OSHA Rescinds Electronic Reporting Requirement for Form 300 and 301 Injury Data

Posted on 1/28/2019 by Roger Marks

OSHA has finalized a rulemaking to rescind the requirement for employers with 250 or more employees to electronically report injury and illness data from OSHA Forms 300 and 301. Electronic submission of data from OSHA Form 300A will still be required. 

The Final Rule appeared in the Federal Register on January 25, and will take effect on February 24, 2019 (i.e., 30 days after publication).

In addition to relaxing the injury and illness reporting requirements, the Final Rule adds a requirement for employers to submit their Employer Identification Number (EIN) electronically along with data from Form 300A. The requirement to include the EIN will take effect on March 2, 2020 and impact reporting of 2019 injury and illness data.

2018 data from Form 300A must be submitted to OSHA before March 2, 2019.  

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Why Did OSHA Remove This Reporting Requirement?

OSHA Form 300A provides a generalized summary of employee injuries and illnesses that occur at work, while Forms 300 and 301 require more detailed information like employee name, job title, and a description of the injury. OSHA has determined that electronic reporting of employee’s personal information poses a threat to worker privacy. Therefore, OSHA will require employers to submit the more generic information from Form 300A only.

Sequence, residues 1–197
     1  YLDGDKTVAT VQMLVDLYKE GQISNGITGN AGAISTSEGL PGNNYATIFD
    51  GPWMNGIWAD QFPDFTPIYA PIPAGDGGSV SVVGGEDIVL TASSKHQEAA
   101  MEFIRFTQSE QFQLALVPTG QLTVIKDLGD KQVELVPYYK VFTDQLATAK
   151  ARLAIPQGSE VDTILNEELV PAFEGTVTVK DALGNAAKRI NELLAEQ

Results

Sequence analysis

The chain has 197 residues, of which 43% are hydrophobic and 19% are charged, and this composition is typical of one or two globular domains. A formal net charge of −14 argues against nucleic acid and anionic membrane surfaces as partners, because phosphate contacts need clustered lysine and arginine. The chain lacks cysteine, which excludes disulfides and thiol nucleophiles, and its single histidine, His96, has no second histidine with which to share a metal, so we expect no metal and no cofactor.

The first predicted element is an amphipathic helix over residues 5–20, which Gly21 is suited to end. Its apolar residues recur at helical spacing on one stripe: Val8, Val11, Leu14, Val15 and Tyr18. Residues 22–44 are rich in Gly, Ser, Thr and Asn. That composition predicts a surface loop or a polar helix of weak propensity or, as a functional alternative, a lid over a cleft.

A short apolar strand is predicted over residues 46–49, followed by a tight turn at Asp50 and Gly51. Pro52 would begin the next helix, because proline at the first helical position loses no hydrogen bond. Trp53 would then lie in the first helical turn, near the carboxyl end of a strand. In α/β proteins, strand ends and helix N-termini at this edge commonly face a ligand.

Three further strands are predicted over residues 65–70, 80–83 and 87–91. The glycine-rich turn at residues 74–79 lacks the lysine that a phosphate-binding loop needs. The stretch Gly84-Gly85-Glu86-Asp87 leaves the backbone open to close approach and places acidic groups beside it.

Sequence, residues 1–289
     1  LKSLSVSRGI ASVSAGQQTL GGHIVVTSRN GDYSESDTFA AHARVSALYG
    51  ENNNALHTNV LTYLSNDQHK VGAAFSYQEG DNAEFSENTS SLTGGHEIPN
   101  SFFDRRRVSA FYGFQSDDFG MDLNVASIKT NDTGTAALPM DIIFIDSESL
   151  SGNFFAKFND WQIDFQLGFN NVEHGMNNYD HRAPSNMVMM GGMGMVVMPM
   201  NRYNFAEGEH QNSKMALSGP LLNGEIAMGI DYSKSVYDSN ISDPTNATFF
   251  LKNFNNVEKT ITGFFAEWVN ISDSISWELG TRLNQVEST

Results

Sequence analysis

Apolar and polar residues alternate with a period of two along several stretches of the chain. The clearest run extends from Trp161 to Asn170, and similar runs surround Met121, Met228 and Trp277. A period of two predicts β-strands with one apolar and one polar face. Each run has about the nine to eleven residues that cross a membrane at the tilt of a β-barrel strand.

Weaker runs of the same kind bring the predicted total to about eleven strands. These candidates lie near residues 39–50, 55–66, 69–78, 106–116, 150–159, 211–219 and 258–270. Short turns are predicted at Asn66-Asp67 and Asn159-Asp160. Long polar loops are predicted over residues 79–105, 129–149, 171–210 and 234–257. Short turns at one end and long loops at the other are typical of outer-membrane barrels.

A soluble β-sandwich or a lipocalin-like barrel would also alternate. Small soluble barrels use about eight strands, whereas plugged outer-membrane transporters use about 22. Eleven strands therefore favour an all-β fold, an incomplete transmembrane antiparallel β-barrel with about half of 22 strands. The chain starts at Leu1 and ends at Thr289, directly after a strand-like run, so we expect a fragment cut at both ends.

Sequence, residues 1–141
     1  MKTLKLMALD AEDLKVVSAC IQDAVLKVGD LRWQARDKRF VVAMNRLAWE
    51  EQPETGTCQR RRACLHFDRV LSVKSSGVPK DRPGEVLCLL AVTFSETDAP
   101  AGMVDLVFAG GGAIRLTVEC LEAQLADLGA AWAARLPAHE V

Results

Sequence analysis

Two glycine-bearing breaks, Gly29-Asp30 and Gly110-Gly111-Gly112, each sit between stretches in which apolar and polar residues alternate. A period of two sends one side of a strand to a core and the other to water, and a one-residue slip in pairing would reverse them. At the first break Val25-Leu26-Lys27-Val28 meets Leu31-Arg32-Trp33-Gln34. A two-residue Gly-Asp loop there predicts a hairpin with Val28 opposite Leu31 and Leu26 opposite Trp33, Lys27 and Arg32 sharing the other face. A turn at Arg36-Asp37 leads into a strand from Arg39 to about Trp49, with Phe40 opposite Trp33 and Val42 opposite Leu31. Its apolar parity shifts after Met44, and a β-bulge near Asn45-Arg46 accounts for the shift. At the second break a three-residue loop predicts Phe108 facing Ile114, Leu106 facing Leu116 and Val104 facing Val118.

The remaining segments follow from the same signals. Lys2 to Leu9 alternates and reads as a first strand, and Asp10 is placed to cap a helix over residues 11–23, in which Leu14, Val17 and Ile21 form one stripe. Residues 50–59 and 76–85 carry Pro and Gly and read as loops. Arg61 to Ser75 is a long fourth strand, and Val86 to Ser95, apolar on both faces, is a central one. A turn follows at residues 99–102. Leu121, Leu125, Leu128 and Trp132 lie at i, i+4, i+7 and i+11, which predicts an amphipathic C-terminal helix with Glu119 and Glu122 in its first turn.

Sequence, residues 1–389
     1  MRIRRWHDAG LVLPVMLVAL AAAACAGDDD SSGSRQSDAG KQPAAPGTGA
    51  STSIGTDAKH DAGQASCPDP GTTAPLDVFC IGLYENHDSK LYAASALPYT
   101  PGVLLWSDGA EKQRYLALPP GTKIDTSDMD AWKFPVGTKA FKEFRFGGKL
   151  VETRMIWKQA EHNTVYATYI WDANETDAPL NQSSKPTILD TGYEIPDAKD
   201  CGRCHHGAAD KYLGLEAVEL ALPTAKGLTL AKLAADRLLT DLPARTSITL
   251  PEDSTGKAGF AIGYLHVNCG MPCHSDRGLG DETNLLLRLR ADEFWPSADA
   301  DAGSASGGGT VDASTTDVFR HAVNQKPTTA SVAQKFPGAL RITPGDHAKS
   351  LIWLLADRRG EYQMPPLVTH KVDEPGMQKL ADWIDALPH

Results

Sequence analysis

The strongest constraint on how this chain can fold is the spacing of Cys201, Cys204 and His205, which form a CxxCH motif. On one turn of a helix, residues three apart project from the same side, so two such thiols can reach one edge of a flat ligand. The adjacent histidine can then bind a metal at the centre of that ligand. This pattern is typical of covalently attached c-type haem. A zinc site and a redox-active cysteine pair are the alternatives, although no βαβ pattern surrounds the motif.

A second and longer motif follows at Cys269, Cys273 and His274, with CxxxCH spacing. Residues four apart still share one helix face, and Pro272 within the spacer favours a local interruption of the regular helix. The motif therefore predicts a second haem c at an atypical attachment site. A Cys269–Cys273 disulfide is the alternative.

Injury and Illness Recordkeeping & Reporting Still Required

Though OSHA will no longer require electronic reporting of data from Forms 300 and 301, employers are still required to keep these records. OSHA will continue to obtain these injury and illness records during workplace safety inspections and will enforce the recordkeeping requirements for employers.

Lastly, this rulemaking does not impact OSHA’s requirements for immediate reporting within 8 hours of the death of an employee as a result of a work-related incident. Nor does it change the requirement to report within 24 hours any worker in-patient hospitalization, amputation, or loss of an eye as a result of a work-related incident (see 29 CFR 1904.39).

Effective Safety Training Means Fewer Reportable Injuries 

OSHA safety training at will prepare your workers to identify, avoid, and mitigate the hazards they face at work. Protect your work force from accidents, injuries, and lost time, which hurt productivity and cost US businesses tens of billions of dollars every year. 

Tags: 29CFR, injury and illness reporting, new rules, osha, reporting and recordkeeping

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